Some of the Confederate Cherokee soldiers, dismayed at being forced to fight their old comrades, deserted and joined Opothleyahola. The fugitives beat their attackers back at the Battle of Round Mountain, were defeated at Chusto-Talasah (near present-day Tulsa), and, in December, were roundly routed by the Confederates at Chustenahlah. The entire campaign was sometimes referred to later as The Trail of Blood and Ice.

One child would later recall the fighting:
The Creek Indians and the slaves with them tried to fight off them soldiers like they did before, but they get scattered around and seperated [sic] so they lose the battle. Lost their horses and wagons, and the soldiers killed lots of Creeks and Negroes, and some of the slaves were captured and carried back to their masters.... Dead all over the hills when we get away; some of the Negroes shot and wounded so bad the blood run down the saddle skirts, and some fell off their horses miles from the battle ground, and lay still on the ground.
When the band finally reached Kansas, in the dead of winter, they discovered that the U.S. government was unprepared to provide for so many refugees. They were moved to nearby Fort Belmont, most with only the clothes on their backs and no further shelter available. All told, about two thousand members of Opothleyahola’s band of nine thousand perished, either from the fighting along the way or starvation, sickness, and exposure when they arrived. Opothleyahola and his daughter were among those who died after reaching Kansas.

This was only the beginning of the bloody Civil War in Indian Territory. Many of the surviving males who had taken flight with Opothleyahola, most of them Creek or Seminole, joined all-Indian Union units called the Indian Home Guard -three regiments in all, two formed in Kansas in May and June of 1862, and the third in the Cherokee capitol of Tahlequah a month later. The 1st and 3rd regiments were composed of troops from the Five Tribes, but the 2nd Regiment was diverse: it included one company each of Kickapoo, Quapaw, Seneca, Shawnee, and Delaware, and two companies each of Osage and Cherokee. 

These Union Indian troops soon carried the fight back into their own lands. Indian Territory became a battleground of blue, gray, and red.

Troy D. Smith is a history professor at Tennessee Tech, where he teaches Native American History, Environmental History, and the U.S. West. As an author of western fiction, he is a past winner of the Peacemaker Award and two-time winner of the Spur Award. His award-winning novella Odell's Bones centers on the Civil War in Indian Territory; one Spur judge described it as "reading like a lost chapter of Lonesome Dove."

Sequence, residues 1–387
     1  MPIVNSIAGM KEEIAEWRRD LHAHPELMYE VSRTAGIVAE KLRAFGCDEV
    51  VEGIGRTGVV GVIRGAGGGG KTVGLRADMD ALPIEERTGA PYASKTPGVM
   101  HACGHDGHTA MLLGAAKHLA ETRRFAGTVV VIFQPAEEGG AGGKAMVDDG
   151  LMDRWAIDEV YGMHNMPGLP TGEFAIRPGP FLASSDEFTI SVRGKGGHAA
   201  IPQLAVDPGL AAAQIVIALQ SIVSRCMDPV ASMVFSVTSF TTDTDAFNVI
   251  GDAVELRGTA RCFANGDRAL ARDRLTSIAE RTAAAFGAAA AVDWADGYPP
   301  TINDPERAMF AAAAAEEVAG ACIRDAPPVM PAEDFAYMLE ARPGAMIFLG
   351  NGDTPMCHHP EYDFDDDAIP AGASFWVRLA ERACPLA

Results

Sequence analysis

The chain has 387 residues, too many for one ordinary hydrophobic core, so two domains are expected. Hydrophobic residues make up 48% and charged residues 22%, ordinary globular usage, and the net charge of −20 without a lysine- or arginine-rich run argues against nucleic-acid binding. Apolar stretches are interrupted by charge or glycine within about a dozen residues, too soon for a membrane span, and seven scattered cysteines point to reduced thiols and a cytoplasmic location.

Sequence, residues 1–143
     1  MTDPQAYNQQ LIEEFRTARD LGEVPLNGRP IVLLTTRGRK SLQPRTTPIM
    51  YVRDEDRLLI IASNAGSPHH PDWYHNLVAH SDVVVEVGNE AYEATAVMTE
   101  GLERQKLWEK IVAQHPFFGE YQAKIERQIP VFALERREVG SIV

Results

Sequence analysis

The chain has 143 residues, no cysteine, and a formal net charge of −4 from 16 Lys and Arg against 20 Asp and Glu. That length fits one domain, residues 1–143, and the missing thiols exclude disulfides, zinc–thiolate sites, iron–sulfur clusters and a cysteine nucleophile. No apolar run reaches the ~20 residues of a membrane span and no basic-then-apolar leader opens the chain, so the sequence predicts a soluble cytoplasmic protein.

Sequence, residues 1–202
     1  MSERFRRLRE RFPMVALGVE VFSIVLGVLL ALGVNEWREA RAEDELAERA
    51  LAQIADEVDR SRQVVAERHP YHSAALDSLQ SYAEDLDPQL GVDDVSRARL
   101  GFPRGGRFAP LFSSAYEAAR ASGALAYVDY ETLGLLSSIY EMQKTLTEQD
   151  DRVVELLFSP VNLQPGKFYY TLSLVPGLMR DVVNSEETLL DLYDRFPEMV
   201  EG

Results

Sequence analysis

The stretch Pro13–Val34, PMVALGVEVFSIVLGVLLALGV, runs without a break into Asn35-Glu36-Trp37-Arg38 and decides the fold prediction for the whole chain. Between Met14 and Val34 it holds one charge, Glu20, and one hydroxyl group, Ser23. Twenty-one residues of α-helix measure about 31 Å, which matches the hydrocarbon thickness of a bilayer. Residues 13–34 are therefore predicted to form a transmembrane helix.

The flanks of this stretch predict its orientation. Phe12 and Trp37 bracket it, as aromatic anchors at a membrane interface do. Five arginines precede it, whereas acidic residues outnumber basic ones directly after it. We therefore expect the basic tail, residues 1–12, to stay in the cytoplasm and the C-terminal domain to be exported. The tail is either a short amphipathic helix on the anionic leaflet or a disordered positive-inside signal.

Spur Award winner, 2001 (best paperback original, Bound for the Promise-Land)
Spur Award winner, 2017 (best short fiction, "Odell's Bones")
Peacemaker Award winner, 2011 (best short fiction- "Sin of Eli")

Spur Award finalist, 1998 (best short nonfiction, "Bigfoot Wallace- Texas-Sized Legend")
Spur Award finalist, 2001 (best first novel, Bound for the Promise-Land)
Peacemaker Award finalist, 2011 (best short fiction, "Blackwell's Run")
Peacemaker Award finalist, 2013 (best short fiction, "Christmas Comes to Freedom Hill")
Peacemaker Award finalist, 2017 (best short fiction, "Odell's Bones")
C. Vann Woodward Prize, Southern Historical Association finalist, 2012 (best dissertation, Race, Slavery and Nation in Indian Territory, 1840-1866)


  1. Troy, I love these posts of yours. And I'm glad you always post the links to the articles before. This is a LOT to remember and I'm really impressed that you carry all this around in your brain. Thanks for sharing with us--this is really interesting!

  2. There were several things in this article I did not know. I did not know there were so many tribes involved in the Indian Removal known as The Trail of Tears. I thought it was just the Cherokee.
    I also didn't realize the involvement of Native Americans in the American Civil War. They were as divided as the rest of the population. It sounds as though they may have made out better if the Confederates had won since they would have gained representation on Congress.
    I have to admire the word of Opothleyahola (now there's a name for certain). Once he gave his word to be loyal to the United States, he followed through with his allegiance even when it may have been to his benefit not to do so.
    A great article as always, Troy.

  3. Thanks, y'all! The catch with the Confederacy was this: Jefferson Davis had not authorized Albert Pike to make those grand offers to the Five Tribes, and went through the roof when he found out Pike had done so. He swore those promises would never be honored. Since the Confederacy lost, the pro-Confederate Indians never found out that bad news... but we can read it, because Davis's letter to Pike is in the Official Records of the War of the Rebellion.